Who needs the government to try to criminalize journalism when you have David Gregory to do it?

In fact, Greenwald’s Twitter feed shows he hasn’t let the Gregory dispute go at time of posting.

As well he shouldn’t. David Gregory disgraced himself, if that’s possible to imagine.

And John Kerry, our estimable Secretary of State, warns the Russians and Chinese not to “harbor” this “traitor.” Is not this the same John Kerry who threw his combat medals over a fence?

These three, and others like them, make abundantly clear: their only reason for heaping odium on the head of Edward Snowden is their idolatry, and defense, of Barack Hussein Obama. Had Edward Snowden spilled his guts nine years ago, would any of those three criticize him for that? Might they not commend him instead? Is “whose ox he has gored” the only fact they hold relevant to judge his case?

And while we’re on the subject: Barack Obama is the biggest hypocrite of all. In his typical smarmy Obama way, he calls on the Chinese and especially the Russians to “respect the rule of law.” This from a de facto President who first, shouldn’t be in office, and second, runs his office with no respect for the rule of law.

Edward Snowden might or might not be a free agent. He certainly isn’t the best judge of the character of people or nation-states. But some people, who now presume to judge him, are in no position to judge. Not until they take off the masks they hide under, to pretend to be looking out for public safety when they respect neither liberty nor safety.

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Terry A. Hurlbut has been a student of politics, philosophy, and science for more than 35 years. He is a graduate of Yale College and has served as a physician-level laboratory administrator in a 250-bed community hospital. He also is a serious student of the Bible, is conversant in its two primary original languages, and has followed the creation-science movement closely since 1993.

5 Responses to Edward Snowden and liberal hypocrisy

  1. Fergus Mason says:

    “Edward Snowden: devil or angel?”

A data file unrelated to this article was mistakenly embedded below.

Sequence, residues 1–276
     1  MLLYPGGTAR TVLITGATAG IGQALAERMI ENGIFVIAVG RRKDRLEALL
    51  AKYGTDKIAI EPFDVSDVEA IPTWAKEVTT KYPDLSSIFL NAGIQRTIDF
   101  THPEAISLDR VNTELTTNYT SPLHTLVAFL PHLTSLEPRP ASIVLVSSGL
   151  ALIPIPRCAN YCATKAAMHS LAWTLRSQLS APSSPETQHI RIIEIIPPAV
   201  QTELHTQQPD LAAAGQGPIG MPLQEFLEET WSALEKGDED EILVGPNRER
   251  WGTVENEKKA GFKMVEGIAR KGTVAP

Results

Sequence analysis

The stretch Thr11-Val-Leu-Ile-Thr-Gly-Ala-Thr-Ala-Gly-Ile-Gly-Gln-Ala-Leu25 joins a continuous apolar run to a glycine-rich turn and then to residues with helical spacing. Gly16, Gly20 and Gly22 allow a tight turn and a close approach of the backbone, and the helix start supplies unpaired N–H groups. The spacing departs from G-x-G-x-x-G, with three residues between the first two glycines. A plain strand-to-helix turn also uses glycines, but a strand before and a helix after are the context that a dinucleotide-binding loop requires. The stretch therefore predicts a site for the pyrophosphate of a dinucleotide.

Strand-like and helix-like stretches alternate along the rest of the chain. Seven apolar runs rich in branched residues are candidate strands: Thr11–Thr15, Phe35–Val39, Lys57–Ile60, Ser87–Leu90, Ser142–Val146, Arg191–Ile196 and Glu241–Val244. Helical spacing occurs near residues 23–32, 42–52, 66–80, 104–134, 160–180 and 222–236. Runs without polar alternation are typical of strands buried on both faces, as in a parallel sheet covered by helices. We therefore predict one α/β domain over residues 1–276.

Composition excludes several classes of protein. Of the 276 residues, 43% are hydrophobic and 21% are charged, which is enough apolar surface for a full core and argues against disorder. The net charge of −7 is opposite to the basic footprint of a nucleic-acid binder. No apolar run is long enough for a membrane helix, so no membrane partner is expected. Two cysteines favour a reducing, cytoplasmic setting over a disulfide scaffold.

Here’s my vote:

    c) Twat

    He signed an oath then broke it. We used to shoot people like him. And if anyone seriously thinks he’ll be allowed to leave Russia without being thoroughly debriefed by the SVR I have a bridge I’d like to sell them. Congratulations, Snowden fans; you’re cheering for a nobber who’s going to tell everything he knows to the Russian intelligence services.

    • Terry A. Hurlbut says:

      Tell me this, then: why did the Chinese not only let him leave Hong Kong, but spirit him out of that capitalist Potemkin city like a carrier of typhoid?

      Why did he not have a long and still-running engagement with a heavyset, bald-headed man with a divided mustache and a vicious sense of humor?

      Khigh Dhiegh as Wo Fat in Hawaii Five-0

  2. Fergus Mason says:

    “Tell me this, then: why did the Chinese not only let him leave Hong Kong, but spirit him out of that capitalist Potemkin city like a carrier of typhoid?”

    Actually that’s a very good question.

    There are two possible answers. One is that China is concerned enough about its trading relationship with the USA that it isn’t willing to take so provocative a step. The other, more intriguing, one is that they don’t think he can tell them anything that they don’t already know.

    • Terry A. Hurlbut says:

      Exactly. That leads me to suspect that any damage he might do, even if he wanted to, is minimal.

      As you know from reading the article, I question his judgment, and his discernment of what does, and what does not, constitute “a free State” within the meaning, say, of the Second Amendment to the United States Constitution.

      But any person who loves his freedom owes him gratitude for starting a debate on the extent, not only of government power, but also on the proclivity of this (de facto) President to abuse it for political purposes.

  3. Fergus Mason says:

    “That leads me to suspect that any damage he might do, even if he wanted to, is minimal.”

    Yes. On the other hand it leads ME to suspect that the Chinese have managed – again – to buy a source with equal or better access. Intelligence professionals find it very, very worrying when a defector isn’t debriefed.